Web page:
Newnham, a small town, the head of a county court district and petty sessional division, and a parish in Gloucestershire. The town stands on the river Severn, 11 miles SW of Gloucester. It was the place where Earl Strongbow and Henry II. met in 1171, and the place whence they set sail for Ireland; it received from King John a sword of office, which is still kept in perfect preservation; it received also a charter from King John; it sent a member to Parliament in the time of Edward I.; it afterwards got exemption from this privilege on account of poverty; it was at one time a borough, but is now governed by a local board of twelve members. A castle was built at it soon after the Norman Conquest; was garrisoned by Wyntour for Charles I.; and was surrendered to Col. Massie. Some remains of fortification may still be traced, and a long raised ancient fosse has been converted into a pleasant promenade. The Severn here is nearly a mile wide, shows beautiful scenery, and has a ferry at high and low water. The town has a head post office, a station on the Gloucester and South Wales branch of the G.W.R., two banks, a town-hall, and a police station. A clock tower, 60 feet high, with a short spire, was erected in 1873. The church stands on an eminence at the S end of the town. The original church, which was destroyed by fire in 1881, was Norman and Early English. The present edifice consists of chancel, nave of four bays, south aisle, north porch, and an embattled western tower with low shingled spire; it contains some stained windows and a Norman font. A clock with playing chimes was placed in the tower in 1895. There are a Congregational chapel and a, cemetery. Fairs are held on 11 June and 18 Oct.; a considerable commerce in bark, timber, slate, and coal is carried on, and there is a large tannery. A branch railway runs to a wharf at Bullo Pill, and tram railways go to collieries and iron-mines in Dean Forest. The parish comprises 1937 acres; population, 1401. There is an urban district council consisting of twelve members. The Haie is the chief residence. The living is a vicarage in the diocese of Gloucester and Bristol; net value, £120 with residence. Patron, the Bishop of Gloucester and Bristol.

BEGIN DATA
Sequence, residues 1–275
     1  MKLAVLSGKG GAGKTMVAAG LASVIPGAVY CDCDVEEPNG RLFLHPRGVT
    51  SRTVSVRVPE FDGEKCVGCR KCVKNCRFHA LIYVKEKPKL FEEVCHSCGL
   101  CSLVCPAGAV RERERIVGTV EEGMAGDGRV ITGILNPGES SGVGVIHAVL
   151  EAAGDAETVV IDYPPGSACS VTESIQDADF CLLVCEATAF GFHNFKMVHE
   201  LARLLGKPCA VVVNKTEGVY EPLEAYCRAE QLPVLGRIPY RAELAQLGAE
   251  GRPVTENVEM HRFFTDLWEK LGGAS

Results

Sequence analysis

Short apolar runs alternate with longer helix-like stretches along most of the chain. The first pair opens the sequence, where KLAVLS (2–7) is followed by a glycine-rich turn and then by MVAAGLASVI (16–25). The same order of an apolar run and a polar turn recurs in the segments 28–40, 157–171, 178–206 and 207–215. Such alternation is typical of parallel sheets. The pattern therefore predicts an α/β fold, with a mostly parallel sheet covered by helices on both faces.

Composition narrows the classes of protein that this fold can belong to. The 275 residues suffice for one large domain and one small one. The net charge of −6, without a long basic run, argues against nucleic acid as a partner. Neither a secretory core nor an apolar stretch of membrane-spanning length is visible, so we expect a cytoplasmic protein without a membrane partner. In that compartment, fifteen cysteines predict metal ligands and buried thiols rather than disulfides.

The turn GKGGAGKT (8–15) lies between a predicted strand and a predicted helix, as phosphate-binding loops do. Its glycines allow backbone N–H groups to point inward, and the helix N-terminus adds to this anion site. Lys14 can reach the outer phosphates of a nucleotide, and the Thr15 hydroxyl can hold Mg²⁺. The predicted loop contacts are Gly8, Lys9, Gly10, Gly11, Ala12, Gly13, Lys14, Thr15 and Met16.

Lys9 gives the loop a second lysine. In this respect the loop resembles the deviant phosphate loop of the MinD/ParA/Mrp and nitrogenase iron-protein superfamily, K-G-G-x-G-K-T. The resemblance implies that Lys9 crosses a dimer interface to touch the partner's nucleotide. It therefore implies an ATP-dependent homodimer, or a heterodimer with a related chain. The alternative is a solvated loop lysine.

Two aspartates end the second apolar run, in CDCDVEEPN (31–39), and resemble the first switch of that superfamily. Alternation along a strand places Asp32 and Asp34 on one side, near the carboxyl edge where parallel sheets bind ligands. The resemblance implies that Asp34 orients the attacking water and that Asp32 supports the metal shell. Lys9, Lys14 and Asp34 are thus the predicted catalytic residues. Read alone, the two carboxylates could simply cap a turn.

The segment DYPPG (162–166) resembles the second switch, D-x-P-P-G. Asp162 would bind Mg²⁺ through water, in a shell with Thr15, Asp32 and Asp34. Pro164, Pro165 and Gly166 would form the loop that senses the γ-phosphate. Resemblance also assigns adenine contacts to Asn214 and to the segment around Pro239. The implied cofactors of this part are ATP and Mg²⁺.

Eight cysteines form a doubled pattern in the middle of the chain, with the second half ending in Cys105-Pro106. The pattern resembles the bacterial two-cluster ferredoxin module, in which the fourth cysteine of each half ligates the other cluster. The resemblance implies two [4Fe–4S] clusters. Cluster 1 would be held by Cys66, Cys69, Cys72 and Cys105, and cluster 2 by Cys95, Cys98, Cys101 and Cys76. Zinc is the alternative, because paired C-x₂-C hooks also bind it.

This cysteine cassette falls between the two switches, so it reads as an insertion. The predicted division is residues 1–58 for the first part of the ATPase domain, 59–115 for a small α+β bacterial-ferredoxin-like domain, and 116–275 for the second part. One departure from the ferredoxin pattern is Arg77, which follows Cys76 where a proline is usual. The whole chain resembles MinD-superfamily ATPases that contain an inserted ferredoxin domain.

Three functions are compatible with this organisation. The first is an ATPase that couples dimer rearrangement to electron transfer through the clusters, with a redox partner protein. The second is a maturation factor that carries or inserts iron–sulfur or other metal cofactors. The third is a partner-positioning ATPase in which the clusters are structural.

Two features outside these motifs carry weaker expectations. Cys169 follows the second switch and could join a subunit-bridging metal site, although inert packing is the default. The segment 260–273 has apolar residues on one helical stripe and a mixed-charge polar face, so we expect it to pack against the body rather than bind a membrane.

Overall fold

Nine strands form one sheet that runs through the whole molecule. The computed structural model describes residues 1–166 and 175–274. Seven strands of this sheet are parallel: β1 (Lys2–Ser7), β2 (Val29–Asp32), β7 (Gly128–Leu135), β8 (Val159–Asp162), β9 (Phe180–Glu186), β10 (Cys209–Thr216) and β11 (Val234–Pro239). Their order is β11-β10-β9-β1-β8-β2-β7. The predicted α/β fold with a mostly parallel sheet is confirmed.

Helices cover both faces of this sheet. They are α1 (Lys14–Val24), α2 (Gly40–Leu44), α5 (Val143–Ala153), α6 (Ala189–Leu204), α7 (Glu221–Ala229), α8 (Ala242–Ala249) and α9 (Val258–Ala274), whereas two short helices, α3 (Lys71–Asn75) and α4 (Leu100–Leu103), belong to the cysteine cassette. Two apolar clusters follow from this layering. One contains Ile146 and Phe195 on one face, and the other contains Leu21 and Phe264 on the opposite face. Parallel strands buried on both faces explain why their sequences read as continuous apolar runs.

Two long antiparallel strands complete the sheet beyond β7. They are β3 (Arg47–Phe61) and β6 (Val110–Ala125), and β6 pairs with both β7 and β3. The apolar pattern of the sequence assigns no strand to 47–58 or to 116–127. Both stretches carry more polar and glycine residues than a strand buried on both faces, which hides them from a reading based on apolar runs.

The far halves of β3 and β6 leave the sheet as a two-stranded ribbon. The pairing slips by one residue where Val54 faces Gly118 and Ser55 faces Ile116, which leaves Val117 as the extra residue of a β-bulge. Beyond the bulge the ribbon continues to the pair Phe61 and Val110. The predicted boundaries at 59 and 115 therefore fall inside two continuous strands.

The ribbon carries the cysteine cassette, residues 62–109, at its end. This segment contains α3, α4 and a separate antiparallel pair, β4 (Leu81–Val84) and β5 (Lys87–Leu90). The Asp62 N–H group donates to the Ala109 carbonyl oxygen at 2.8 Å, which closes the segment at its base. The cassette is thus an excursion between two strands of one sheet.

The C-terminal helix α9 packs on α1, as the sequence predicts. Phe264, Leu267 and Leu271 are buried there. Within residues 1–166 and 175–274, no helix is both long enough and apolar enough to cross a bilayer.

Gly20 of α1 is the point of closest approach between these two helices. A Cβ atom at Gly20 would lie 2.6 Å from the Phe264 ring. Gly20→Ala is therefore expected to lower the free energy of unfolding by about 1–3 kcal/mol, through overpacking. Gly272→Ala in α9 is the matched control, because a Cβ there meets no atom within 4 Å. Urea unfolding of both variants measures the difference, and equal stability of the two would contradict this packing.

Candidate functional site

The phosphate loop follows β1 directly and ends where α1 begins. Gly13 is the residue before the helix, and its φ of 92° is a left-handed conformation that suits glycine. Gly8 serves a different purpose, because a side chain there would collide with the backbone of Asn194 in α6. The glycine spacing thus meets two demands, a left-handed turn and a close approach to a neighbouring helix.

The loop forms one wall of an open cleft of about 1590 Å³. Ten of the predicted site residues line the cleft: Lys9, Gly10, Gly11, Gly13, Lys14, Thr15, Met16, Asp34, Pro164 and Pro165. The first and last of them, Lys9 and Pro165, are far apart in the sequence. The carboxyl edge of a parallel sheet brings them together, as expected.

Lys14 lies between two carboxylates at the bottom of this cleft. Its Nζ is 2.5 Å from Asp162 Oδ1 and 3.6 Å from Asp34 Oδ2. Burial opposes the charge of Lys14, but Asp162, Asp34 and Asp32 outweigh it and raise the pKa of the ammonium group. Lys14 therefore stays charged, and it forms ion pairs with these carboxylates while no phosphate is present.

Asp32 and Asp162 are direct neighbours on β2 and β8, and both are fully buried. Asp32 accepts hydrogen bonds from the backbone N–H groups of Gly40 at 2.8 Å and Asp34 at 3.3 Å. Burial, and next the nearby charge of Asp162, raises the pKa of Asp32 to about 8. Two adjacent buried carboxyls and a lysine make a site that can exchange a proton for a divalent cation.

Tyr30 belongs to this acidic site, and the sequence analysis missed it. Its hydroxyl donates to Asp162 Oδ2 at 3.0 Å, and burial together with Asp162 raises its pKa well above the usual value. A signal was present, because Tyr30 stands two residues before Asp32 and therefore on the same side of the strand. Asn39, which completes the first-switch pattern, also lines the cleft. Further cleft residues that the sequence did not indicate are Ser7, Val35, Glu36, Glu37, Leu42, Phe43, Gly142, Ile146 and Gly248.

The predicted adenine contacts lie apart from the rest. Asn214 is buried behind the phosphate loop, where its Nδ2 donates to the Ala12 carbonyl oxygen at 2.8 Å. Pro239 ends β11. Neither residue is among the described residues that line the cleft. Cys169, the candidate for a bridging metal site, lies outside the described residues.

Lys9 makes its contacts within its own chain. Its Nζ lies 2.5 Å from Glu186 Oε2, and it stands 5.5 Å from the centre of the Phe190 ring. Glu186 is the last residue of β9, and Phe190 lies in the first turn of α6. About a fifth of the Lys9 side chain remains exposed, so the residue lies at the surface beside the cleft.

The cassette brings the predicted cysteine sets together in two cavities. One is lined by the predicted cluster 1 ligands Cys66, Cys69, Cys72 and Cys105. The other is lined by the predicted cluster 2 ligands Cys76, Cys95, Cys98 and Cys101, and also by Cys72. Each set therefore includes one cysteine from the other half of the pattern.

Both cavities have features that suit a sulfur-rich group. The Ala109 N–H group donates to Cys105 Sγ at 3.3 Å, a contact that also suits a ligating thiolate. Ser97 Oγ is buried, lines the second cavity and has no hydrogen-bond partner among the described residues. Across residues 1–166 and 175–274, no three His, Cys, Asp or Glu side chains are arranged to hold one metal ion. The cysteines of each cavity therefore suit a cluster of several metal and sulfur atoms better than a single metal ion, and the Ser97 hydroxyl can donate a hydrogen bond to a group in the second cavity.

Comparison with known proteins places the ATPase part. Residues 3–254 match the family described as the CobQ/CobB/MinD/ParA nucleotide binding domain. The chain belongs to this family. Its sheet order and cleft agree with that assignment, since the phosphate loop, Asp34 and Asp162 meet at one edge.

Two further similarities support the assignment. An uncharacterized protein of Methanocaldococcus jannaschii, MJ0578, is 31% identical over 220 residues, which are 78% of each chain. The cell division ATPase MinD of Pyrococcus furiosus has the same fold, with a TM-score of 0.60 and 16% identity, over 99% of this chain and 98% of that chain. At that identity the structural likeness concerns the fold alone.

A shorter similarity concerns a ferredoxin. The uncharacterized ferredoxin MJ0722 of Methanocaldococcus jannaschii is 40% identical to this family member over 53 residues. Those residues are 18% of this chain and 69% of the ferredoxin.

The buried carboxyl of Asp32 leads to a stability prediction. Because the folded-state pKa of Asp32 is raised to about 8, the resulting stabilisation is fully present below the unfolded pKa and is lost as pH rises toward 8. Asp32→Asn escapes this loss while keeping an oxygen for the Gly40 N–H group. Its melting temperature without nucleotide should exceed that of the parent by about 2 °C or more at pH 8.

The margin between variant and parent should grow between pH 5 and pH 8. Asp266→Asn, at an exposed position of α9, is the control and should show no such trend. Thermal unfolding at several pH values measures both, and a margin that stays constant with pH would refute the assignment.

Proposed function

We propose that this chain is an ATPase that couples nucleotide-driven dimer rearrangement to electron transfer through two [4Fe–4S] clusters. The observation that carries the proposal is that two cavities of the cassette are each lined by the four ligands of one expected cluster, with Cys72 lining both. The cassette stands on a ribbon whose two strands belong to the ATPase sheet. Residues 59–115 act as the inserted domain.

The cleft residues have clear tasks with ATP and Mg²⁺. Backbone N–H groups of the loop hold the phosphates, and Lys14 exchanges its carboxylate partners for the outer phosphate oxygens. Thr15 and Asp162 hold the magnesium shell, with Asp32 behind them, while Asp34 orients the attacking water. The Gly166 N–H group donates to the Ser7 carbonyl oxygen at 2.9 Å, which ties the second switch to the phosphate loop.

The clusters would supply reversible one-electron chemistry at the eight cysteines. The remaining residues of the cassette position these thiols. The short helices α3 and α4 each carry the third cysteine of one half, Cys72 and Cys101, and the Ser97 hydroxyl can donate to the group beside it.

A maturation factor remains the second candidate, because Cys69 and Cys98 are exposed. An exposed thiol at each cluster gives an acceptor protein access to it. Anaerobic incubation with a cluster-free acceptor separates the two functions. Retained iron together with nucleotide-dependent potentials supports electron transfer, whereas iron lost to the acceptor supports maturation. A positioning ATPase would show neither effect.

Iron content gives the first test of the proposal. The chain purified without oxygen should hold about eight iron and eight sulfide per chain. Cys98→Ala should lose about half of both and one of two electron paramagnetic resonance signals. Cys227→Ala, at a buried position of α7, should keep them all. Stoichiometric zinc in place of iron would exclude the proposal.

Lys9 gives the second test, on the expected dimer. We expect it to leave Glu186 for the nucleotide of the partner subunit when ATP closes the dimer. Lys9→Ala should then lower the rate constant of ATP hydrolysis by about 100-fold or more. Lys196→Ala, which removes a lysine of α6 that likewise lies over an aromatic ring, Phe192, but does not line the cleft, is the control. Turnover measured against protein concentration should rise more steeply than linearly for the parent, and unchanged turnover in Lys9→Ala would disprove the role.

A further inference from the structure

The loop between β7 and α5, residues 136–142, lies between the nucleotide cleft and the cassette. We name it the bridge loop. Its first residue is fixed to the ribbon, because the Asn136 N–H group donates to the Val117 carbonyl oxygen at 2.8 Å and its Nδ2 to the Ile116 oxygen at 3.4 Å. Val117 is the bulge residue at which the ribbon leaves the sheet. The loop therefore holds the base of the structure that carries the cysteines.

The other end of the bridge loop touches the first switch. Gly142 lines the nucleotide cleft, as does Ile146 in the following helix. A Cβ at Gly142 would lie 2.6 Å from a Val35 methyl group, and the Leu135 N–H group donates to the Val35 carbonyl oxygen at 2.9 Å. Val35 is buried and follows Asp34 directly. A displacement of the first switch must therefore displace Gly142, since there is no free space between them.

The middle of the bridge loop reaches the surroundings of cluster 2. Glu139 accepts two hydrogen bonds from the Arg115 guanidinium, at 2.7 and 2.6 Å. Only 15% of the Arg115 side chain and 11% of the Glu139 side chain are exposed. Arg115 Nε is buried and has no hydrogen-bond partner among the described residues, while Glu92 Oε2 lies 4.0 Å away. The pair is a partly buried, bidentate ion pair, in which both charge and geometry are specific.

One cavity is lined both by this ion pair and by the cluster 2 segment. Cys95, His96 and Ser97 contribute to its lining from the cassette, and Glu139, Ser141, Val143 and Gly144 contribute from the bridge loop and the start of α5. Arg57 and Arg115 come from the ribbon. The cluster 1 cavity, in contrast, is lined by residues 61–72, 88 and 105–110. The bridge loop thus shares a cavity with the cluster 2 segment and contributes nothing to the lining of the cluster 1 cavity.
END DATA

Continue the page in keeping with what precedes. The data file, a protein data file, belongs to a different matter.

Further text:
The following is a list of the administrative units in which this place was either wholly or partly included.
|Ecclesiastical parish||Newnham St. Peter|
|Poor Law union||Westbury|
Any dates in this table should be used as a guide only.
A burial ground of one acre was added to the churchyard of St. Peter's in 1875, at a cost of £800, and a further two acres were added in 1911 at a cost of £1,000.
The parish register dates from the year 1547.
The Gloucestershire Parish Registers are available online at Ancestry, in association with Gloucestershire Archives.
Church of England
St. Peter (parish church)
The church of St. Peter, standing on an eminence at the south end of the town, was originally in the Norman, Early English and later styles, and after being enlarged and restored in 1875, at a cost of £4,600, was destroyed by fire in 1881, but rebuilt in fac-simile, at a cost of about £4,430, and now consists of chancel, nave of four bays, south aisle, north porch, sacristy, vestry and an embattled western tower, with spire and a turret at the south-west angle, and containing 8 bells and a set of chimes: the east window and seven others are stained: the pulpit is of Bath stone, with shafts and panels of alabaster, and there is a Norman font, carved with figures of the apostles: there are modern brasses to the late John Hill, who died at Streatham, London, 22nd March, 1894, and to the late John Stratford Collins, 36 years surgeon of this parish, who died in 1880: there are sittings for 500 persons.
The Congregational chapel is a building of stone in the Gothic style, with sittings for 300 persons.
For general information about Civil Registration (births, marriages and deaths) see the Civil Registration page.
Directories & Gazetteers
We have transcribed the entry for Newnham from the following:
- Samuel Lewis' A Topographical Dictionary of England, by Samuel Lewis, seventh edition, published 1858. (Newnham (St. Peter))
Land and Property
The Return of Owners of Land in 1873 for Gloucestershire is available to browse.
Online maps of Newnham are available from a number of sites:
- Bing (Current Ordnance Survey maps).
- Google Streetview.
- National Library of Scotland. (Old maps)
- old-maps.co.uk (Old Ordnance Survey maps to buy).
- Streetmap.co.uk (Current Ordnance Survey maps).
- A Vision of Britain through Time. (Old maps)
Newspapers and Periodicals
The British Newspaper Archive have fully searchable digitised copies of the following newspapers covering Gloucestershire online:
- Gloucester Citizen
- Gloucester Journal
- Gloucestershire Chronicle
- Gloucestershire Echo
- Cheltenham Chronicle
- Cheltenham Looker-On
The Visitation of the county of Gloucester, 1623 is available on the Heraldry page.